Stylidium is a genus of about 130 species, most of which occur in Australia with a few being found in Asia. They are known as “trigger plants” because of the unique, irritable flower column which is triggered by insect visitors. The trigger remains cocked until an insect probes the flower and then springs upwards and deposits pollen on the head or back of the insect which then transfers the pollen to another flower (see photo below).
Stylidium graminifolium is the most widespread species. It is a tufted, grass-like plant with leaves from 6-20 cm long and about 4 mm wide. The small, pink (occasionally white) flowers are about 10 mm in diameter and occur on stalks up to 40 cm high from the centre of the grassy clump. The flowers have 5 petals, although only 4 are conspicuous with the fifth being reflexed and located behind the “trigger’ which protrudes from the throat of the floral tube. The trigger consists of 2 stamens and the style fused together into a column.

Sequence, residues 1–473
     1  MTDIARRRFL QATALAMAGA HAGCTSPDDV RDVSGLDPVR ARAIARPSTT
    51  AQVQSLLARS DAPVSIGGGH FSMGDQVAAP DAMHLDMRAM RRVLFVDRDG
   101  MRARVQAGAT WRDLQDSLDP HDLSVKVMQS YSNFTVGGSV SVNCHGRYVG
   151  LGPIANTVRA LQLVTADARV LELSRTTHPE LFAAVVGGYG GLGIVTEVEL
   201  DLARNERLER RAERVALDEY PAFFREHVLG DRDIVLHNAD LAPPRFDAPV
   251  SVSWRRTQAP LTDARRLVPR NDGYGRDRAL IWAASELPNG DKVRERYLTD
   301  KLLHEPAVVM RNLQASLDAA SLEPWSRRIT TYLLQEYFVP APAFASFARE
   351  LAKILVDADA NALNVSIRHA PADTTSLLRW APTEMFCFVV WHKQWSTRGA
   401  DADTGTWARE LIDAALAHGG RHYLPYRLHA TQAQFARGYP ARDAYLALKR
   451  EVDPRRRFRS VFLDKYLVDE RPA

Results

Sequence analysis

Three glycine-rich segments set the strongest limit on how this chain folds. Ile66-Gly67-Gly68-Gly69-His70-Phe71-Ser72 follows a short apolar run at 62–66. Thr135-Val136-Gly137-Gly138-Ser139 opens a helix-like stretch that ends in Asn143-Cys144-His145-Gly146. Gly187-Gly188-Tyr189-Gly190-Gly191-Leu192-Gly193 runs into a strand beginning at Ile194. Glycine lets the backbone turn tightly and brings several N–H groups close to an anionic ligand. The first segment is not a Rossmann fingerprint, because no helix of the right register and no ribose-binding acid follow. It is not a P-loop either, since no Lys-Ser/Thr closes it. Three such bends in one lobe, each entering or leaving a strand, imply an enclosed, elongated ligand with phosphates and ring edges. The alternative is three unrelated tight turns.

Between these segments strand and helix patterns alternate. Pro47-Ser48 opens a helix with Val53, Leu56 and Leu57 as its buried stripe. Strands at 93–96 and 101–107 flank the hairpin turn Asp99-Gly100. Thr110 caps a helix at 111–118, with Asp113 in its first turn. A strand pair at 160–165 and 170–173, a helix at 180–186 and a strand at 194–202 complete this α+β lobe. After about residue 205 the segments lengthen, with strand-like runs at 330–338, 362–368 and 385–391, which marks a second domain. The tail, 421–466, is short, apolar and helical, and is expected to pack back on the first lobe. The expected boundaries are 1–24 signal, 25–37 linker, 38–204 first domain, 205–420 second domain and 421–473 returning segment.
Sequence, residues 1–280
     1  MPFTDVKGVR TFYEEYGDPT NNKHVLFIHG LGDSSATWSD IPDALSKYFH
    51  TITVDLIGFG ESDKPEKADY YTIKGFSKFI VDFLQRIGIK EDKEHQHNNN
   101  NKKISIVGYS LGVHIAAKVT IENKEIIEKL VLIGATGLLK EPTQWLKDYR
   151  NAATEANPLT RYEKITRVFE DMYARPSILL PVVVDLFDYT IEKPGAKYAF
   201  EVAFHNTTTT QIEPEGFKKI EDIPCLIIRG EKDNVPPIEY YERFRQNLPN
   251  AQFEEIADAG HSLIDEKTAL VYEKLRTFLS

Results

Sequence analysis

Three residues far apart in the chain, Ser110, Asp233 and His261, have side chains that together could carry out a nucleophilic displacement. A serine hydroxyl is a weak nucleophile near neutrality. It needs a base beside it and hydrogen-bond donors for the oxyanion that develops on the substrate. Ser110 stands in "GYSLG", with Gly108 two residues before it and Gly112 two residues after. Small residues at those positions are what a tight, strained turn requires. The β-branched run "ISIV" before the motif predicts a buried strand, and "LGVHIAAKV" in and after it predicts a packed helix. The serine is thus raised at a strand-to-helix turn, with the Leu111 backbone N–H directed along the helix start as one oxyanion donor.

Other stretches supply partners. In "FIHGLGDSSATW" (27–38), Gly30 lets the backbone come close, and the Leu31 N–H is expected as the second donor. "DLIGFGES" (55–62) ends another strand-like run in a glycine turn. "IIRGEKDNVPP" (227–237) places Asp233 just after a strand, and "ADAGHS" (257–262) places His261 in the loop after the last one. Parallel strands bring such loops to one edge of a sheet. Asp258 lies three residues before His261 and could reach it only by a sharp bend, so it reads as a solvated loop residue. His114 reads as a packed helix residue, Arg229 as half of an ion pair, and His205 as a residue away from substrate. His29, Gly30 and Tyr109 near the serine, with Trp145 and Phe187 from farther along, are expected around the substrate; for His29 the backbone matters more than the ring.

Stylidiums, generally, are not widely cultivated and can be difficult to maintain in gardens. S.graminifolium is hardier than most other species and appreciates well drained soils in a sunny or lightly shaded situation. The plants also make excellent subjects for growing in containers.
Propagation form seed is relatively easy. Division of vigorous clumps may sometimes be possible.
Photo: Brian Walters
The trigger of a Stylidium species depositing pollen onto
the head of a bee
Photo: Sheryl Tobin